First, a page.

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Brilliant debuts no surprise to Hesson

NZ NewswireNZ Newswire 20/11/2016 Daniel Gilhooly

<span style="font-size:13px;">New Zealand coach Mike Hesson suspected the time was right for rookie Colin de Grandhomme to shine at Test level.</span> © MARTY MELVILLE/AFP/Getty Images New Zealand coach Mike Hesson suspected the time was right for rookie Colin de Grandhomme to shine at Test level. Put the dream Test debuts of Jeet Raval and Colin de Grandhomme down to timing.

New Zealand's domestic cricket scene has its critics yet it has produced a duo who were arguably the Black Caps' best players in the eight-wicket win over Pakistan.

Man-of-the-match de Grandhomme's seamers ripped through the visitors' top-order on day one, admittedly in helpful Hagley Oval conditions.

Opener Raval scored more runs than anyone in a bowler-dominated Test with 55 and 36 not out.

Apart from Kane Williamson's 61 on the final day, New Zealand's top-order largely struggled with the speed and skill of Pakistan's seamers.

The exception was tall left-hander Raval, whose simple, disciplined methods drew praise from Hesson.

The newcomers, both born overseas, had notched 154 first class games between them before getting a Test chance.

Hesson defended the selection delay, saying both players had been slow-burners who had finally proved their mettle at Plunket Shield level.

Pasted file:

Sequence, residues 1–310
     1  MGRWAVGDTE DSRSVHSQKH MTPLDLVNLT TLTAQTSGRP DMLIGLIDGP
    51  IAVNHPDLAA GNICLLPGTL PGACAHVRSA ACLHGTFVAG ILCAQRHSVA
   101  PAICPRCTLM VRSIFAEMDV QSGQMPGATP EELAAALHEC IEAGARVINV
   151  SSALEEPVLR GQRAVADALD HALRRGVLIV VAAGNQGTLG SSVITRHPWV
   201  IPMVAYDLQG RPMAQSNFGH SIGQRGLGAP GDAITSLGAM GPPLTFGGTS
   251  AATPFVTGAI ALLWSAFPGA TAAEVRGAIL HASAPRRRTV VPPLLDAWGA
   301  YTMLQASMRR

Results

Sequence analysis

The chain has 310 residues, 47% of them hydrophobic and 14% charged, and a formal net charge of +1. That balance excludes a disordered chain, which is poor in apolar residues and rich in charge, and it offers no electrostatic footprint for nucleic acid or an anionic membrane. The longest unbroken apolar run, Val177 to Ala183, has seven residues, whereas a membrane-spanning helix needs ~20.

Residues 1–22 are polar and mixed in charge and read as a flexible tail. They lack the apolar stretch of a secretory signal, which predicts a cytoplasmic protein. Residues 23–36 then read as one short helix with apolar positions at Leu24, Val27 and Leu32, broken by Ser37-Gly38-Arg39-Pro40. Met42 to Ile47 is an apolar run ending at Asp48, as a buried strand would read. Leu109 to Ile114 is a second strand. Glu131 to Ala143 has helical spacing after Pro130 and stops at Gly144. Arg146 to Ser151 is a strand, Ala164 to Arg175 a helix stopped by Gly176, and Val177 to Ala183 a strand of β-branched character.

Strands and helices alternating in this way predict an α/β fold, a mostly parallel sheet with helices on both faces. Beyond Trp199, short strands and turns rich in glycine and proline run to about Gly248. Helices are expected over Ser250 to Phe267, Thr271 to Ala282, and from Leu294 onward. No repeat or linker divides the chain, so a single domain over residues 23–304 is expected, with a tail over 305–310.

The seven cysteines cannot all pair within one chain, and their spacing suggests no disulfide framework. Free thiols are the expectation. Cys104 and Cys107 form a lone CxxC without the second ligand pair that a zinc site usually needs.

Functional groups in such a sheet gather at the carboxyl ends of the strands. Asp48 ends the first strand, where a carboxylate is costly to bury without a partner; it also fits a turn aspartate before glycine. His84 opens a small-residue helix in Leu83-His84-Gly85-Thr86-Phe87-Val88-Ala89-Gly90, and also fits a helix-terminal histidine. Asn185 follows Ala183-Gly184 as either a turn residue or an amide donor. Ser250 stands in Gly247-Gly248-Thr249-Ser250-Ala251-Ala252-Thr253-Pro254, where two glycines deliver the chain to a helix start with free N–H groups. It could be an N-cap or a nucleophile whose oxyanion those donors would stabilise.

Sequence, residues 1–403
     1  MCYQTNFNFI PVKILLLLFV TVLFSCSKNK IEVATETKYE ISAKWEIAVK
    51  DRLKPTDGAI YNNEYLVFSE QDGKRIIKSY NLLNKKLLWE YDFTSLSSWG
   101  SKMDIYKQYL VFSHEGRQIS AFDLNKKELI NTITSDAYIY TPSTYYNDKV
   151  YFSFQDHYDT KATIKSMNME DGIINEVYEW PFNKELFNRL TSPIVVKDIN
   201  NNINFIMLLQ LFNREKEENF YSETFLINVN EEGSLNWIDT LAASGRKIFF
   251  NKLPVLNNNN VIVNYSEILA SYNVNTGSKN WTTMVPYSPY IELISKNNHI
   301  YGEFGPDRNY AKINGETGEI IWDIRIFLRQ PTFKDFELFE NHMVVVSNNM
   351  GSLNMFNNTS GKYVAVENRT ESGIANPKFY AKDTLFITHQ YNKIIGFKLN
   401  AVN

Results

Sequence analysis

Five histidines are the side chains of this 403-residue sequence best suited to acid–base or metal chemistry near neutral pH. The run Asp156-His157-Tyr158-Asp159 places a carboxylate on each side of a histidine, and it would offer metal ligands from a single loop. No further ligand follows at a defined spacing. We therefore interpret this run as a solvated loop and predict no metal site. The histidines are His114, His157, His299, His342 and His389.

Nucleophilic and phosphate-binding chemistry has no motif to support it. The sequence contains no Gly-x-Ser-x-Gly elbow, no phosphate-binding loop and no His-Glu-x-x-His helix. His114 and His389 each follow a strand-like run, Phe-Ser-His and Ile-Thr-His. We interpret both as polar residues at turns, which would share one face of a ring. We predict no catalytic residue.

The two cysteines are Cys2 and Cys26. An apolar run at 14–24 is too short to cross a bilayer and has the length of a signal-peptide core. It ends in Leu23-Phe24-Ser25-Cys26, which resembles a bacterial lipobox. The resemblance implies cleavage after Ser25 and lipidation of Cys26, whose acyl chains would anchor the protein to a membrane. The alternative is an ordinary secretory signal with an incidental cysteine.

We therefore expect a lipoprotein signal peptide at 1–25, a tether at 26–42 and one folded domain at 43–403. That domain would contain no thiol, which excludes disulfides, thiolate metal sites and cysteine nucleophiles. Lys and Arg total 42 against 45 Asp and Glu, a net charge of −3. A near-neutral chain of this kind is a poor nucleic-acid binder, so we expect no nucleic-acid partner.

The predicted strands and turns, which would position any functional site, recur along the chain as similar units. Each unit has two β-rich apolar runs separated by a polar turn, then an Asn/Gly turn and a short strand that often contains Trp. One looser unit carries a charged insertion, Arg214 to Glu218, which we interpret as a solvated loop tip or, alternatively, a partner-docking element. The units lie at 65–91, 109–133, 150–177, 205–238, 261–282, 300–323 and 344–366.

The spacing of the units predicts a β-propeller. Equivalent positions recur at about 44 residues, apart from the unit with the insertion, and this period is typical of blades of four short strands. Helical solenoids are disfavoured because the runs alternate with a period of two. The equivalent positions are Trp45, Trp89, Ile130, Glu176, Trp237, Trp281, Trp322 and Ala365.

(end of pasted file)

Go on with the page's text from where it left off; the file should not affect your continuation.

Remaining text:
Even then, he wanted to be careful about their promotion.

Raval, 28, was included in New Zealand's squad for their tour of Africa in August, didn't play a Test and was dropped for the subsequent series in India.

Hesson defended a decision to persist in India with the under-performing Martin Guptill.

"The key for us was giving Jeet the best opportunity to be successful. He's been given a chance to play in conditions he's familiar with and he's grabbed it with both hands," Hesson said.

"His decision-making throughout was exceptional. He never went away from his game plan, even when he was challenged, which was a great sign."

De Grandhomme has bubbled under the surface but Hesson and his domestic scouts had always wondered if there was more to the strapping allrounder than his renowned big-hitting.

Shut out of Test contention by Corey Anderson and Jimmy Neesham, the Harare-born 30-year-old only truly entered the equation this year.

"Colin's been a talented player for a long time but we've been waiting for something to click, for him to show that he's worked out how to play at first class level," Hesson said.

"People do mature at different ages. In this instance, Colin's probably a slightly late maturer, but he's probably got plenty of Tests left in him."

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